Thursday, 17 May 2012

Umno, the Bar Council and impartiality — The Malaysian Insider

MAY 17 - Is the Bar Council partial? Yes it is. It is partial to the small man; it is partial to the rule of law.

But it comes as no surprise Deputy Prime Minister Tan Sri Muhyiddin Yassin declared today that Bar Council leaders have created a perception problem for the Bar, adding that the onus is on them to prove their impartiality amid some calls for another Malaysian Bar.

“The question (of forming an alternative) arose because of the behaviour of the Bar Council,” he said at a press conference today.

“I don’t think all the members of the Bar agree (to the recent EGM resolutions). The silent majority may not agree,” he said, referring to the outcome of last week’s EGM where 939 lawyers voted in favour of a pro-Bersih motion and 16 against.

Here's the thing, there is a law, called the Legal Profession Act 1976 that governs the Malaysian Bar. If we follow the logic displayed and argued by Umno leaders, one can always set up an alternative if dissatisfied with the status quo.

And Umno is unhappy with the Malaysian Bar because they keep standing up and telling off the government of the day about the law, human rights and civil liberties. These are things that get's Umno's goat.

It would appear that the only body with a slanted perception towards the Bar Council is Umno and that is because the political party seems to have a disdain for human rights and civil liberties.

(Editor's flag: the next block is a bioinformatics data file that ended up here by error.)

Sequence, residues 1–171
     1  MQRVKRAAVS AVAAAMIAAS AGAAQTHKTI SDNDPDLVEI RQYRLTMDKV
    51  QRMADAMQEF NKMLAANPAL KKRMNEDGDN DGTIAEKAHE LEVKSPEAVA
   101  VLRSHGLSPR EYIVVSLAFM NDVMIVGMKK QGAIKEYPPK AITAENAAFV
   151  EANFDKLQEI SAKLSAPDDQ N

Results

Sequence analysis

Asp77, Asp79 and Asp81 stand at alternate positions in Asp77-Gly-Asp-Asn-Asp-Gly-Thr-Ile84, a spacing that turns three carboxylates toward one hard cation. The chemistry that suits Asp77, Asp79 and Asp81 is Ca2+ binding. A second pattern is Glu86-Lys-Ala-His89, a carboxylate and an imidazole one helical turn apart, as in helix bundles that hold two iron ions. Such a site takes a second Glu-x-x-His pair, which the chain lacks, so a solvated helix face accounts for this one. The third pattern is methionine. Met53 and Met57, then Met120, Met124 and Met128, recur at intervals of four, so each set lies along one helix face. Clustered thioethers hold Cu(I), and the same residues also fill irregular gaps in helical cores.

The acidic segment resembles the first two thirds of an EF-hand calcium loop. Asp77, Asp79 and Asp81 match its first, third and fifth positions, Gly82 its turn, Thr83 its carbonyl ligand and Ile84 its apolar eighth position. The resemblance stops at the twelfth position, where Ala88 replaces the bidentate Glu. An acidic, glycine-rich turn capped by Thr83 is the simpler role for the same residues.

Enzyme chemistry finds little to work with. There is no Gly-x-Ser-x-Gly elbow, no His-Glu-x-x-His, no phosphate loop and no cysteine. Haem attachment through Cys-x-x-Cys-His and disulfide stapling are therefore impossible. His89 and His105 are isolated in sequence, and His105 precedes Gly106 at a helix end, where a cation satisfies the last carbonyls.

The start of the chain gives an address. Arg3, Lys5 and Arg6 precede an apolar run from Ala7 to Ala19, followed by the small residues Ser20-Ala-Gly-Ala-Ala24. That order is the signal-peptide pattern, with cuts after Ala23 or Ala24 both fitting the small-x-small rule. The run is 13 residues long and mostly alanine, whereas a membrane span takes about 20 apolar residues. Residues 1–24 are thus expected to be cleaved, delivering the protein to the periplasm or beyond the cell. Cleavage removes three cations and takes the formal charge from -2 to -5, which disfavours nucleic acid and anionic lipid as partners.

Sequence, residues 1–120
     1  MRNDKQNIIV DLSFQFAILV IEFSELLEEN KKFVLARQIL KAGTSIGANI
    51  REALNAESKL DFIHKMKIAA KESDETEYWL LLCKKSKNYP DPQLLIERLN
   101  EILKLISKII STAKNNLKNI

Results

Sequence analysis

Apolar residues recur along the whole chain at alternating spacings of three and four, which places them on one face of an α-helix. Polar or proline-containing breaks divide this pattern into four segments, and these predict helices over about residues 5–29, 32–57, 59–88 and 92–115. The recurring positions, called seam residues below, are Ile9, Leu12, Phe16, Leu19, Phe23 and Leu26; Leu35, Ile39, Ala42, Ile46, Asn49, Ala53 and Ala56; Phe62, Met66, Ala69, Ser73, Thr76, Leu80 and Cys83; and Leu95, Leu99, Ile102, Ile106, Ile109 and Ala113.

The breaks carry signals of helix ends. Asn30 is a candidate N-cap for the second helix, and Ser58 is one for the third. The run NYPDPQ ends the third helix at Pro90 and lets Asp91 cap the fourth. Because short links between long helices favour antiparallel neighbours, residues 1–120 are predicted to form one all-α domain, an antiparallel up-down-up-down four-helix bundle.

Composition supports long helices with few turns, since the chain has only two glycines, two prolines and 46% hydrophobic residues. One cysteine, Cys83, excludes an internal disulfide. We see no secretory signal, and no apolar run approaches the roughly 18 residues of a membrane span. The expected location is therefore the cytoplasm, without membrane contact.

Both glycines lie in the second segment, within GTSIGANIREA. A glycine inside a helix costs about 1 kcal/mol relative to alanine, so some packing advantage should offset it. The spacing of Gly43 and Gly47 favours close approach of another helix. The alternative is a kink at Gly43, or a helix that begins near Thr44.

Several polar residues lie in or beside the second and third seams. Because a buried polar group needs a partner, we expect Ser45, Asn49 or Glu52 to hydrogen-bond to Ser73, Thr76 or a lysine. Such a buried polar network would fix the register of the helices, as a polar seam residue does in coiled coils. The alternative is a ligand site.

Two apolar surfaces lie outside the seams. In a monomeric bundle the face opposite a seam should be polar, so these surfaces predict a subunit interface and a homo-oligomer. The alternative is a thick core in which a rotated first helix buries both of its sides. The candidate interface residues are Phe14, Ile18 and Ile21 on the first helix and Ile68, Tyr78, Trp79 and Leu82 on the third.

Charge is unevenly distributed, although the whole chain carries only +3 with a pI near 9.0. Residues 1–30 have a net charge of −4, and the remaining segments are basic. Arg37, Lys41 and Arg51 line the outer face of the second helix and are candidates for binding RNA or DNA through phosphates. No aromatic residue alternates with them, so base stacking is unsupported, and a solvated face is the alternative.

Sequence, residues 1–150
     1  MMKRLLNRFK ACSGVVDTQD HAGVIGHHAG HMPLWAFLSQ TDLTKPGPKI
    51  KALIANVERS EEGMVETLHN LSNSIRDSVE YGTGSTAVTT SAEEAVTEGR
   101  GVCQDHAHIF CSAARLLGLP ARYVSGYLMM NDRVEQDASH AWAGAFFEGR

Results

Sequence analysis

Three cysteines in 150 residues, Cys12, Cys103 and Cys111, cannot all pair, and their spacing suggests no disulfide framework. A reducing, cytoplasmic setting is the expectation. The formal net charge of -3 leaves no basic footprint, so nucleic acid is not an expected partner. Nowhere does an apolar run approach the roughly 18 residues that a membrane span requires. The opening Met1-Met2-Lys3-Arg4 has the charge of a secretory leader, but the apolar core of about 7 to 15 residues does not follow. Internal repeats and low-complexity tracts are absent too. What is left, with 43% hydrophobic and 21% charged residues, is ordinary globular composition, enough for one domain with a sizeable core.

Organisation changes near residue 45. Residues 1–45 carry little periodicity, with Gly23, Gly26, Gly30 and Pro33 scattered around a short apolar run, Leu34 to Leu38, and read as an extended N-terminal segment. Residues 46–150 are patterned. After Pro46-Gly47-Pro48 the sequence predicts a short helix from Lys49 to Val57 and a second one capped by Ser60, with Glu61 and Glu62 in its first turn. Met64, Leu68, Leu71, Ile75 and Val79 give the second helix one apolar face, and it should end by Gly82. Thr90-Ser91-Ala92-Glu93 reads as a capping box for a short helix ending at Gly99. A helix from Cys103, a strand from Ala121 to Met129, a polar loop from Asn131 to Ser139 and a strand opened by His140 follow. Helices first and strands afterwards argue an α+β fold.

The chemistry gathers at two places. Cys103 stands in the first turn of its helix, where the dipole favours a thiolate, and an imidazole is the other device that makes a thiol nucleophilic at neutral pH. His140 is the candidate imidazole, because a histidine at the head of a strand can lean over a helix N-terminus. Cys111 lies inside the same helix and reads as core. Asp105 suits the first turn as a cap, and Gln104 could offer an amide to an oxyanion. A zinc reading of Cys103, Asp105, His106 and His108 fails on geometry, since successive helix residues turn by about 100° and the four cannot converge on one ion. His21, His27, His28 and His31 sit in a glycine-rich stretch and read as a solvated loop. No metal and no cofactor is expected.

Add the fact that this is a political party full of rent-seekers from top to bottom, where the law can be bent to make their contracts appear legitimate.

So, these complaints about the Malaysian Bar have to be seen in that light. Muhyiddin and his ilk have issues with those who do not quake or bend to authority, those who have no fear of speaking their mind even if it is the government of the day.

Muhyiddin must understand that the Malaysian Bar is made up of professionals who due to the nature of their work, must uphold principles for themselves and for their fellow citizens. What is wrong is wrong no matter how much the authorities want to show that what they did is within the law.

For example, the Peaceful Assembly Act 2012. The law was opposed by the lawyers but approved anyway. It was then implemented days before Bersih 3.0. Yet, the relevant authorities chose to ignore it when taking action against those who came for Bersih 3.0.

It is the Bar Council and other NGOs which show no fear or favour in revealing what they saw during Bersih 3.0. The lawyers who cared for their profession and Malaysia that turned up for their emergency general meeting who deliberated and debated on the issue. Those who dissented had time to speak their mind but the majority of that day counts.

That is something that Umno and Muhyiddin has to respect. Just as much as Malaysians have to respect any outcome of any vote using a clean electoral roll.

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